by the way – for the both of the libraries that i administer, donations always far outweigh the removals of books. i am constantly culling the lot and sending the extras overseas to troops, to veterans’ facilities or donating to local charity shops. readers tend to be generous and want to share a good read with others.



    • Thanks for sharing your thoughts and experiences, Pam. And thank you for caring for a few lending libraries!

  • tcheer4life

    My cousin, Nancy is able to pick up books from two places where people consciously drop books. Her train stop and in her complex’s utility room. In both places anyone who wants to get rid of books (at the complex it’s anything – furniture, clothes, etc.) just leaves the books at the designated spot. At the train stop there is no sign, but it is definitely a book stand.
    In the library where I work, we have a table where anything we put there is free.

    I don’t think Becky was stealing, but would encourage her to take a book to replace the one she took next time she visits that patient.

  • KilianMetcalf

    I can’t see the situation as stealing. The books are put out in a public space for anyone to take. I have taken books and given books back in many such places and never had a quiver of conscience. It would be a nice gesture for the physician to take some books to donate to the space the next time she visits, but not required.

    The apartment complex where I live used to have bookshelves in the laundry area that were removed and not replaced when the area was remodeled. We were told that corporate management wanted all their properties to be the same, and ours was the only property with the bookshelves. The residents put up such a howl that they backed off, and the bookshelves are coming back.

  • Tracy Slater

    Agree that a sign would have made Becky’s dilemma a little clearer. LOVE how the discussion swerved into a talk about setting up free libraries though. I live in Japan and am sitting here trying to figure out how to set one up here for people who want to read in English! PS. Also loved Ann’s description of The Night Sisters and the imagery of the creaky floorboards being like a shifty narrative.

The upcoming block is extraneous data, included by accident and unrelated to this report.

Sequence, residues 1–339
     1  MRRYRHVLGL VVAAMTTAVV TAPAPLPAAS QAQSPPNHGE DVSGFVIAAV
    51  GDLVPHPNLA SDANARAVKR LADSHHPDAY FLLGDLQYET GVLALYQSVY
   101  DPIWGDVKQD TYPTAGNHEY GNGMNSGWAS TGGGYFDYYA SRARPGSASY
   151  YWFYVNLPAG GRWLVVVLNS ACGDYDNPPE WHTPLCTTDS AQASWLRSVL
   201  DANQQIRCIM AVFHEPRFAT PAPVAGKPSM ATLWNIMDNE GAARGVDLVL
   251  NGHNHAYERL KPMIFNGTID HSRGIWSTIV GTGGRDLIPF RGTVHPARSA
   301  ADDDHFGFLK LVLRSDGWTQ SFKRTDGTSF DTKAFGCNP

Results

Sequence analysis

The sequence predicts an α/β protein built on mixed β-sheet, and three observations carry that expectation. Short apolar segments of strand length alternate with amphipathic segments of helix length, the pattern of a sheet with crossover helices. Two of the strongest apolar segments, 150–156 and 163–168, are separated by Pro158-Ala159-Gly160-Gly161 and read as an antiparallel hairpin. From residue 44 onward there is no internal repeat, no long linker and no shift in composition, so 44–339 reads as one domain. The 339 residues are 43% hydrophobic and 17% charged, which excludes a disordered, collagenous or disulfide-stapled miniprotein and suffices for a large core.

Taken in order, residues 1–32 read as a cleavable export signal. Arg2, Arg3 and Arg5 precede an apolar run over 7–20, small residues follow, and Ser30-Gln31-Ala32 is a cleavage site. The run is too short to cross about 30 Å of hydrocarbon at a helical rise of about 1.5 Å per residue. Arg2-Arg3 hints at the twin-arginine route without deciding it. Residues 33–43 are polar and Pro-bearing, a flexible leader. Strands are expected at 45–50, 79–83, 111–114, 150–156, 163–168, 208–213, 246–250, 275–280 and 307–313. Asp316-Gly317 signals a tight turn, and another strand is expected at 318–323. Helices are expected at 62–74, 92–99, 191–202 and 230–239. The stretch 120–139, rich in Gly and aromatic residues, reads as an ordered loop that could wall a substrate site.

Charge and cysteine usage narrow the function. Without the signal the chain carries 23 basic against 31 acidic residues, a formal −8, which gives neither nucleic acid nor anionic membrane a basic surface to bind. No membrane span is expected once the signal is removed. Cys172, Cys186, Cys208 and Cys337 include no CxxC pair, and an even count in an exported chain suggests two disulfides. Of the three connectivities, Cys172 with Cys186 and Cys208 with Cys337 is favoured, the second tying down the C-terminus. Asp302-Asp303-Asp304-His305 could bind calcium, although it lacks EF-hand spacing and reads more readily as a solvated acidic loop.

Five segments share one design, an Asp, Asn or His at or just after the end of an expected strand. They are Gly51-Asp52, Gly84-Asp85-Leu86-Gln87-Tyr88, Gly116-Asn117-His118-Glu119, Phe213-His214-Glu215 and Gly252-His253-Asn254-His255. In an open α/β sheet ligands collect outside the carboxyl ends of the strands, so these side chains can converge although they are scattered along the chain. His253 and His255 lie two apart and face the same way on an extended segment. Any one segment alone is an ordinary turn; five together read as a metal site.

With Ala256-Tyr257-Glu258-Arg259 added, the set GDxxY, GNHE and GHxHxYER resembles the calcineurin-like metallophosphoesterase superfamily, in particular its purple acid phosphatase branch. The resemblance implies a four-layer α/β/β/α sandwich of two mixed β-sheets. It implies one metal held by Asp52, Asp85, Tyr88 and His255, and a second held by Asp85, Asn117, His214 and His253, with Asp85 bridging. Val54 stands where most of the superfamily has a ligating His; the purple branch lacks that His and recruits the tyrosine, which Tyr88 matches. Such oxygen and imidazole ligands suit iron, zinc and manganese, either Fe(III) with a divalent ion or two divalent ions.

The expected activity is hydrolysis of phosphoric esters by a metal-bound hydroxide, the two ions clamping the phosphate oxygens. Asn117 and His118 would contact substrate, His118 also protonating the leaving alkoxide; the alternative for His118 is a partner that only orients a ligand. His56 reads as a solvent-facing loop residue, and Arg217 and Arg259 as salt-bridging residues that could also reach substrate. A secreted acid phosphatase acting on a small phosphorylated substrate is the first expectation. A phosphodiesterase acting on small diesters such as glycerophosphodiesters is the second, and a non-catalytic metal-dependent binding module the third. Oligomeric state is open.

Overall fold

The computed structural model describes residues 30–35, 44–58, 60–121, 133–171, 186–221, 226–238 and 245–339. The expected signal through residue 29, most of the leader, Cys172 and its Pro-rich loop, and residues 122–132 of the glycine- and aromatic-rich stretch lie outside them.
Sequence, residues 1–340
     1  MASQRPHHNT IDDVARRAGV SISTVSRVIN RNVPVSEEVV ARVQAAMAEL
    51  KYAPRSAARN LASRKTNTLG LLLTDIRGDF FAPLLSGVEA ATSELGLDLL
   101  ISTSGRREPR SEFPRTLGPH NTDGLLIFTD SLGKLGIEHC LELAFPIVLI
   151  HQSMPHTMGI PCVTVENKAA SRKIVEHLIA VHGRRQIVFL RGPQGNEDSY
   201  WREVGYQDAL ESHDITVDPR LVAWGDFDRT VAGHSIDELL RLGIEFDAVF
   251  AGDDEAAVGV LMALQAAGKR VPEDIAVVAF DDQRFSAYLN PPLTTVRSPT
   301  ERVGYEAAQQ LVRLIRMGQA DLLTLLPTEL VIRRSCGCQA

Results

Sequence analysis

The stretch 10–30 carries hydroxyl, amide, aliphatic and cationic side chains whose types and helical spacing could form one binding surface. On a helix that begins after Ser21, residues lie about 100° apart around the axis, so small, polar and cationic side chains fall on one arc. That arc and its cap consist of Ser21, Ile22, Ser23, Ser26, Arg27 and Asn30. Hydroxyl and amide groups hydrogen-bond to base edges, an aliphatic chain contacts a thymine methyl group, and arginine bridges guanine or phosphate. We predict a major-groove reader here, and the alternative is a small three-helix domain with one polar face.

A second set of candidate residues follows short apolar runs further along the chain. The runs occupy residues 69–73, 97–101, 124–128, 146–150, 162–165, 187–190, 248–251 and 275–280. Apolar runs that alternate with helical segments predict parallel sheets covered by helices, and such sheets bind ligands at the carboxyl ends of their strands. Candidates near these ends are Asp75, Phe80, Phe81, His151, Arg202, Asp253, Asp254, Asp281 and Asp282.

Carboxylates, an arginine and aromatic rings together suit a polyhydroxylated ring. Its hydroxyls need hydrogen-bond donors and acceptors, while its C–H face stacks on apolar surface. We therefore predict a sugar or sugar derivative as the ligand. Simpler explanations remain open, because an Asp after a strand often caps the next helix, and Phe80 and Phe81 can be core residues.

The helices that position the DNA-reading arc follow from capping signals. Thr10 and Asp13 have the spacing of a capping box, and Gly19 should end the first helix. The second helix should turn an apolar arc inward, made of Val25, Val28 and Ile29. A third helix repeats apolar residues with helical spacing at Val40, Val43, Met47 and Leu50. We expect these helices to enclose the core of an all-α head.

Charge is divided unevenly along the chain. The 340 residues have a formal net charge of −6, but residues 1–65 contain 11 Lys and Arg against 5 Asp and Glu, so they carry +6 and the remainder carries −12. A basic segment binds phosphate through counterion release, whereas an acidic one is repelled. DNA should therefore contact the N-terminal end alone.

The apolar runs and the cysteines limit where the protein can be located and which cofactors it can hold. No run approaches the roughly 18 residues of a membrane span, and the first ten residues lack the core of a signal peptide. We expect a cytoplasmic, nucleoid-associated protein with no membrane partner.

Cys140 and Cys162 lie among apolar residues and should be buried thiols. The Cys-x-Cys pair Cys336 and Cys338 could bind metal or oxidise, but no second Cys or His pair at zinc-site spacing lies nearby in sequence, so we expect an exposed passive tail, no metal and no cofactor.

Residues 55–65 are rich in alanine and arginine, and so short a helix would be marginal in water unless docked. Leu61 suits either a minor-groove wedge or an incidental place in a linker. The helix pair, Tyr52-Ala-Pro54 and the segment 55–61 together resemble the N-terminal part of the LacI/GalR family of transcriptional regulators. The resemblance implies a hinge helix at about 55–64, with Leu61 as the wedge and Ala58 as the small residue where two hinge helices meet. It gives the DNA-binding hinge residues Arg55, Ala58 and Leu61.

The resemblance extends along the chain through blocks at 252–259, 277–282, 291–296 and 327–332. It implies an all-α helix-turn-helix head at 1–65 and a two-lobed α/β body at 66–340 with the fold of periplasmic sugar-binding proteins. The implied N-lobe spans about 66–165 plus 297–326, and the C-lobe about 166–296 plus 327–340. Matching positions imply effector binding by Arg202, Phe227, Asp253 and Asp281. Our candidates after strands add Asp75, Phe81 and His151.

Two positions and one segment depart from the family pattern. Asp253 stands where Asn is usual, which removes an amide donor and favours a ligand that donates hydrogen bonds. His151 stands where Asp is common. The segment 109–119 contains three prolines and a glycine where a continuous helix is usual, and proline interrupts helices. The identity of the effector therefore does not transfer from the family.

• Tracy, are Little Free Libraries a thing on Japan? Your idea is so great!

      • Tracy Slater

        Hey, never even realized there was this reply from you Ann until I went to comment on something else! So sorry not to answer sooner. As far as I know, LFLs don’t exist at all in Japan. Although I will admit that, at our local mall in greater Tokyo, when I take the mini to the playspace there, we get *lots* of attention from the motivated Tokyo mamas who want their little ones to befriend a “hafu” (1/2 Japanese, 1/2 American) child so their own kids can learn English. So perhaps we are seen as a sort of walking little free library. Ha!

        Best to you, Michael, and the entire BOTNs tribe!

  • LJ Snow

    I don’t think it’s intentional stealing. But maybe a replacement book would ease your conscience.

  • Esther

    I would not have taken it unless there was a sign that clearly stated the books were there for anyone who wanted them.

    First of all, I would never do anything that would reflect poorly on my employer or on my professional demeanor. She was in the building in a professional capacity, as a representative of the hospice. What if someone saw her take the book and knew who she was? How would that reflect on the hospice, on her professionalism as a physician?

    Also, I can afford to buy any book I want, and I assume so can she. I would not feel right taking a book that I could easily pay for and possibly deprive someone of the pleasure of reading it who “couldn’t” afford it.

    My father was in a nursing home before he passed away, and there were bookshelves filled with books. I could easily have taken one and no one would ever have known but I would never do it, not without asking first. That’s just the way I am. It’s common courtesy. If I wanted the book that badly, I would have found someone to ask whether it was OK to take it.

    Granted, this is not the biggest sin in the world. Stealing is too harsh a word. I’m sure no one in the building cares that she took the book. It’s not like she took it from the patient’s apartment or shoplifted it from a bookstore. It was in a common area of the building and there weren’t any signs. I can understand why she might have felt free to take it. So I don’t want to make too much of this.

    But it’s not something I would ever feel comfortable doing.

  • Elizabeth

    I live in the Boston area have access to several wonderful free community bookshelves (‘libraries’) around my town. A couple of the old telephone booths on my walk to work have been used – a give and take situation: Also, the gym has a community bookshelf where you can leave and take books – found several that I enjoyed there too!